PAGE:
RALEIGH — Dr. Catherine Harvey Sevier of Greensboro has been appointed as the new state president of AARP North Carolina. The volunteer led AARP has 1.1 million members in the state and is instrumental in improving the lives of older adults through information, advocacy, community service and local offerings and events.

Dr. Sevier has an extensive background in clinical nursing, academic cancer center administration, and health policy development. She was founding Executive Director/COO of the National Comprehensive Cancer Network (NCCN), which develops and sets clinical guidelines for cancer treatment worldwide. Previously, Dr. Sevier served as faculty and cancer program director at the Medical University of South Carolina Hollings Cancer Center. She later served as Executive Vice President (Community Programs and Publications)/ Chief Public Health Officer for the American Diabetes Association (ADA) in Washington, DC, where she led ADA’s focus on the Preventive Health Partnership, a joint initiative with the American Cancer Society and American Heart Association.

AARP North Carolina State Director Doug Dickerson explains, “With so many North Carolinians anxious about their future ‘health, wealth and self’, Dr. Sevier brings proven leadership and experience to advocate for them on the issues that matter most, such as protecting Medicare and Social Security, fighting fraud, and helping our communities better serve our people.

Leading AARP Volunteers

As AARP’s lead volunteer, Dr. Sevier will guide the work of nearly 3,000 state volunteers and will be instrumental in building on the recent momentum of addressing the needs of the state’s rapidly aging population. Last year, AARP helped make it easier to care for loved ones across state lines by pushing for the passage of uniform adult guardianship and has taken a lead role in preparing the state to deal with the growing number of adults with Alzheimer’s and age-related dementia. According to the North Carolina Institute of Medicine, Alzheimer’s disease, the most common form of dementia, affects one in seven North Carolinians over the age of 65. In North Carolina, over 160,000 people are living with Alzheimer’s disease, a number projected to increase to more than 210,000 by 2025.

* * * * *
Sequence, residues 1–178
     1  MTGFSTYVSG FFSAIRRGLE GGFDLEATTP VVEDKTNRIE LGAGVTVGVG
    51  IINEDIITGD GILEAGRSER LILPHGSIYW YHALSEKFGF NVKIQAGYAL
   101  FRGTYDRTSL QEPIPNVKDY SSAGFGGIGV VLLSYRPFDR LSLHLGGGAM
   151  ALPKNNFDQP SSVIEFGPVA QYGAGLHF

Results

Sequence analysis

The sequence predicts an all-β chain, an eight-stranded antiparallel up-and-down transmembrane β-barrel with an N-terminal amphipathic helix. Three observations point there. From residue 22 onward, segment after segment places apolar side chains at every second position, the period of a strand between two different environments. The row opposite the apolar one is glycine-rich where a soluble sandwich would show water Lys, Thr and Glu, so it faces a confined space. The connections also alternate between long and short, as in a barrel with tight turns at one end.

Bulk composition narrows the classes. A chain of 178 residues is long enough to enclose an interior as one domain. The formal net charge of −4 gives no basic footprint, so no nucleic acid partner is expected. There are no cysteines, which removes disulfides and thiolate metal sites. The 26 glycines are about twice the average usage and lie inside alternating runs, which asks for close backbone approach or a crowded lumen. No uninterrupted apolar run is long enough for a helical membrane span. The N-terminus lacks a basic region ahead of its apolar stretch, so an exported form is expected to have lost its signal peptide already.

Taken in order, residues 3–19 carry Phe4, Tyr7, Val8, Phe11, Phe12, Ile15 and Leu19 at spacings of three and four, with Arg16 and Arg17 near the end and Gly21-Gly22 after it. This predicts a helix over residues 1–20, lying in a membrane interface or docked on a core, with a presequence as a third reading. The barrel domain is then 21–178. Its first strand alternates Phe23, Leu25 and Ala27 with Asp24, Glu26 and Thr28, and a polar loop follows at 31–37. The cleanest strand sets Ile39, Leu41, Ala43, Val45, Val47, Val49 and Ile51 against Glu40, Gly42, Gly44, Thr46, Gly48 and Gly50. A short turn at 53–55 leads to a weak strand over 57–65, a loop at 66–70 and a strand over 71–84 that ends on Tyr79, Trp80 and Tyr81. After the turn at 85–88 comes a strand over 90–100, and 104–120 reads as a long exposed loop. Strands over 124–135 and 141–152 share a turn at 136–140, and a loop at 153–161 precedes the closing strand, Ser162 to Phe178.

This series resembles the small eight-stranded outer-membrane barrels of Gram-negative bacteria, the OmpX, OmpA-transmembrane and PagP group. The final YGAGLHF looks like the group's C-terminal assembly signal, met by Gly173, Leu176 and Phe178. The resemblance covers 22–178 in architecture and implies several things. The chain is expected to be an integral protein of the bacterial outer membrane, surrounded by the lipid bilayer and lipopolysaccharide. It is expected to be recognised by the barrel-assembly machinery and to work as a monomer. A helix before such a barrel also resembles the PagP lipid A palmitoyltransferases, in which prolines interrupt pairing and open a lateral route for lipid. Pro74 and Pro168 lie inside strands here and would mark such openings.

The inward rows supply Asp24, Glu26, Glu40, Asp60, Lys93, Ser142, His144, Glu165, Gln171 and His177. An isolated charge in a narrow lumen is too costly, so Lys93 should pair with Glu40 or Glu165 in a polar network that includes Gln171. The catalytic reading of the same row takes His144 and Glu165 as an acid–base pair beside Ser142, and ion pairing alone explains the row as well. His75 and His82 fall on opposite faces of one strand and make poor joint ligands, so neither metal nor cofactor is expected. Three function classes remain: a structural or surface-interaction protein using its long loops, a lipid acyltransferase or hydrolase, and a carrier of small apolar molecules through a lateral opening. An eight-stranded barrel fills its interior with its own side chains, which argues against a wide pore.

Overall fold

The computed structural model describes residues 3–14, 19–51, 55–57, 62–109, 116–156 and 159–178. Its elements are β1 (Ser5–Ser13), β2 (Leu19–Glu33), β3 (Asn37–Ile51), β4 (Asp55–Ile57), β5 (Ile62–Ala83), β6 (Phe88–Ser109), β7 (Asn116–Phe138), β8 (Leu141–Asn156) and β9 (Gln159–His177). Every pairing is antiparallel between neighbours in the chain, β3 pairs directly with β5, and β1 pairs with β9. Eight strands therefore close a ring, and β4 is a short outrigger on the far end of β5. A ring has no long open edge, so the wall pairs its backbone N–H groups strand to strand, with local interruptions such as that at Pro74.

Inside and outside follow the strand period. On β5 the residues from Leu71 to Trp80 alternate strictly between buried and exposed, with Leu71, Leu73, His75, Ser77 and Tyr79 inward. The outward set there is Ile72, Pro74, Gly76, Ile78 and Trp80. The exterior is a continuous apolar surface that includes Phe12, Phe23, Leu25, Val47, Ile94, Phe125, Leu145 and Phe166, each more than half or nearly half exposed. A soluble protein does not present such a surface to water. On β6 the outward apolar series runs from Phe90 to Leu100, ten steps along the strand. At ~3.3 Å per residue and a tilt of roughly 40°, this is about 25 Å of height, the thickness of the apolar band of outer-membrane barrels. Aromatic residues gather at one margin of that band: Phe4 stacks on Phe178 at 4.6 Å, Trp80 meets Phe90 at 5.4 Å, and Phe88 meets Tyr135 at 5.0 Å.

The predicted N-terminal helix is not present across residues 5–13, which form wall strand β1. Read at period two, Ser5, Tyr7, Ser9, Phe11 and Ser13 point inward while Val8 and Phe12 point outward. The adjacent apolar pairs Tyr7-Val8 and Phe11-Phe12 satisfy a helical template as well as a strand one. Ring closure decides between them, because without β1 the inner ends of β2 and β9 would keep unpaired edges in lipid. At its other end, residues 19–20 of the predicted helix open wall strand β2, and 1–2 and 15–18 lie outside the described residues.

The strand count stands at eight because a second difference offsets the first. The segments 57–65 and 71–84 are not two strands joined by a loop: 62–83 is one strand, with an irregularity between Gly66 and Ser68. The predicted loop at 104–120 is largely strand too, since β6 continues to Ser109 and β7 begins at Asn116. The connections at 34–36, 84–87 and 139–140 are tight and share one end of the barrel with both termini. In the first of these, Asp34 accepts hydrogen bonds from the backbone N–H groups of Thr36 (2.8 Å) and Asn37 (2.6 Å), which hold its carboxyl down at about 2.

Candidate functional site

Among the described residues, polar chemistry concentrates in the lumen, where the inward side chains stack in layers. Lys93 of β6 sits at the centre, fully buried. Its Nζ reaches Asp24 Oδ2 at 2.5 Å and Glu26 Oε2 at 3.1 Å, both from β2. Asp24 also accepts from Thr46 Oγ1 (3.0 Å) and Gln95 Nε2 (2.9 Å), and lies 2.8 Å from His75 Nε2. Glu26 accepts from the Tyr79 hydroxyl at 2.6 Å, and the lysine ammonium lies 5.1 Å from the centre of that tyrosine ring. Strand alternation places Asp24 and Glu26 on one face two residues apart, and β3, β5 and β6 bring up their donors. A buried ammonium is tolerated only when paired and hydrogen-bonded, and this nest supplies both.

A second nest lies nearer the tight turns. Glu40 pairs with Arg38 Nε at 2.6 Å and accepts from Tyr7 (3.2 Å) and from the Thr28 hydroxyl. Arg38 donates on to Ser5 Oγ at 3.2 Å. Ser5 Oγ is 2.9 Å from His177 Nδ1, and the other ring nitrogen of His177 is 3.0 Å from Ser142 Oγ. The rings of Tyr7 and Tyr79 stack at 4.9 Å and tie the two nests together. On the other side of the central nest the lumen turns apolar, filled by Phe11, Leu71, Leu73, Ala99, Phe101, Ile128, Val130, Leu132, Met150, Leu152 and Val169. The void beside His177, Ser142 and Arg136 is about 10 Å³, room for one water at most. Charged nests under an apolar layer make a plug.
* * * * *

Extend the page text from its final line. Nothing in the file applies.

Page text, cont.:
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Currently, AARP is working with the legislature to help family caregivers and hospitals reduce frequent hospital readmissions, and on an innovative solution for small businesses to help workers save for retirement.

Throughout her career, Dr. Sevier played a major role in establishing practice standards and developing quality measures for both individual practitioners and health organizations. She was a consultant to The National Institutes of Health/ National Cancer Institute, the National Quality Forum, and the Joint Commission for Accreditation of Healthcare Organizations, setting and monitoring quality standards for health services and cancer care.

Sevier served in leadership roles and on boards of many national organizations, including the Association of Community Cancer Centers, and as founding President of the American College of Oncology Administrators. She served for twelve years on the board, including four years as chair, of the patient advocacy organization, National Coalition for Cancer Survivorship. Currently she is on the board of The Carolinas Center for Hospice and End-of-Life Care, the City of Greensboro Commission on the Status of Women, and the Wesley-Luther Campus Ministry at UNC-Greensboro.

Sevier maintains a strong connection to public health and was a grantee and consultant to many advisory and oversight groups. She was appointed by the state governor and served over a decade as member and board chair of the South Carolina Cancer Prevention and Control Oversight Committee. While chair she worked closely with the public, the state legislature, the hospital association, and medical community to pass legislation making cancer a reportable disease within the state. This legislative model was subsequently adopted by other states.

While leading a national consulting practice in cancer program and facility planning, she assisted many leading academic medical centers and health systems to establish successful cancer programs. She successfully competed for grants and managed contracts with the Institute of Medicine, the National Cancer Institute, the Centers for Disease Control and Prevention, and Duke University. Her doctoral research in public health focused on developing national cancer policy.

In recent years, Catherine and her husband David worked in Europe and East Africa to assist nations in population health, disease prevention, and public policy.

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